Second, It’s easy to overthink the complexity of an issue like this. Stepping back it is, like every other strike, a matter of class loyalties. Do you side with unpaid information-age workers, or AOL, one of the biggest information conglomerates in the world? There is no way that poorly paid information workers will ever get a fair deal unless they organize and fight. You either side with them (like Erik Loomis does) or you side with the faceless multinational corporation (like Yglesias does, whether he intends to our not). There’s no neutral ground in cyberspace.

Wiz at Ph.D. Octopus, building off a pair of widely circulated posts from Eric Loomis, calls out Matt Yglesias and the progressive blogosphere more generally for failing to support information laborers during the union-called HuffPo strike. Thanks to the incomparable @zunguzungu for the pointer.

Tuesday Night!

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* Hard to say which is more shocking: that a male worker born in 1973 retiring at age 70 can expect to live a full year less than the expected length of retirement for a worker born in 1912, or that Richard Shelby apparently has evidence that by 2025 “America will be burned … and a lot of us will be dead.”

* Catholic Church approves iPhone confession app. Not an Onion hotline…

* Paul Campos tries to read Laurence Tribe’s mind.

* The Tea Party Movement has driven out Colorado state party chairman Dick Wadhams. Because I am an adult, I will leave the man’s absurd name out of this, and just bid him adieu…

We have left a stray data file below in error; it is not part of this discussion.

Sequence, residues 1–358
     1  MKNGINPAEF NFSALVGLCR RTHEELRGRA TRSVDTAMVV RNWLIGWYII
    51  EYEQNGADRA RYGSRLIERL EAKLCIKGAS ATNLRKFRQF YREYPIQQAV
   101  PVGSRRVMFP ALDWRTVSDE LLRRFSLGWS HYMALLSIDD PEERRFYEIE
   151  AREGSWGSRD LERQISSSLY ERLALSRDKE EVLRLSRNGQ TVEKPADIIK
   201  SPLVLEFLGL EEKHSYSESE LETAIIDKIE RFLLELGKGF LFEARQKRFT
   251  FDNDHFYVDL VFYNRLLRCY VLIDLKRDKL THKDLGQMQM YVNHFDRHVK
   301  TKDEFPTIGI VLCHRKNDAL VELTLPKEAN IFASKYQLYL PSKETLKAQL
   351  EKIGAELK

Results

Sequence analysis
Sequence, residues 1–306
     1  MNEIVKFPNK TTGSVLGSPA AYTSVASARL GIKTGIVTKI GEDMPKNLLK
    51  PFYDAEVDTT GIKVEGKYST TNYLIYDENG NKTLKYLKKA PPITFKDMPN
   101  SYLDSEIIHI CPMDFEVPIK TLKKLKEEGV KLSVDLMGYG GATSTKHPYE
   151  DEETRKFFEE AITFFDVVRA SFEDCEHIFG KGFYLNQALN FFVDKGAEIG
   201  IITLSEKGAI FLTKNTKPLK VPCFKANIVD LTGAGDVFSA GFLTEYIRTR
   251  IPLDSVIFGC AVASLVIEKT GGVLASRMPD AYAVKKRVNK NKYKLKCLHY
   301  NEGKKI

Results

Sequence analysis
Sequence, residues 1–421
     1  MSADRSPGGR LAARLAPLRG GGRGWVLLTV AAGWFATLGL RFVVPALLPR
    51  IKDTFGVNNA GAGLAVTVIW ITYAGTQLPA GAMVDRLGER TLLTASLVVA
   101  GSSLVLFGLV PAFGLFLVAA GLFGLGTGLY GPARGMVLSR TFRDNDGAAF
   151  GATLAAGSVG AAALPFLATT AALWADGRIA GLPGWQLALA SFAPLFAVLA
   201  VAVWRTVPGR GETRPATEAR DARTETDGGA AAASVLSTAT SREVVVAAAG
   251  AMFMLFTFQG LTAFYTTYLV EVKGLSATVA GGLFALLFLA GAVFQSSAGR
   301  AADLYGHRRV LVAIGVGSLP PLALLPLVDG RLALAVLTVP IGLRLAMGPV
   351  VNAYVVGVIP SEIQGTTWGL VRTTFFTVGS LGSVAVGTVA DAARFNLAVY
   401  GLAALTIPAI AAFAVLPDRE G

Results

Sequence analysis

* Behold the Malcolm Gladwell Book Generator.

* Wolverine or 2 Batmen: a duckrabbit for our time.

* Academic Cliche Watch: “I want to argue that . . .”

* Fox News draws ever closer to its Fort Sumter moment.

* HuffPo’s Achilles Heel: Search engine optimization won’t work forever.

* Provocative claim of the day:I find myself slightly gratified that one consequence of the now-dying post-Thatcher free-market consensus is that it made nuclear power development in the Anglosphere more or less economically impossible.

* And a quick note on how beer commercials work.

Beer commercials are designed around certain dominant themes, but the people who sell the beer would prefer that the dominant themes be misunderstood. What are beer commercials about? The two central premises are these: 

1. Beer—cheap, common, domestic beer—is a rare commodity that drives men mad with the desire to have it, at any cost.

2. Women are the great obstacle between men and the fulfillment of this desire.

Taken literally, this is baffling. Beer is cheap and easy to find. The only cost should be $6.99 for a six pack, at any convenience store. And rather than hiding from women to drink their beer, many single adult heterosexual men seek out female company when they’re drinking. “Drink our beer and avoid contact with women!”—who could possibly be the target for that pitch?

But it makes perfect sense if the target audience is—and it is—16-year-olds.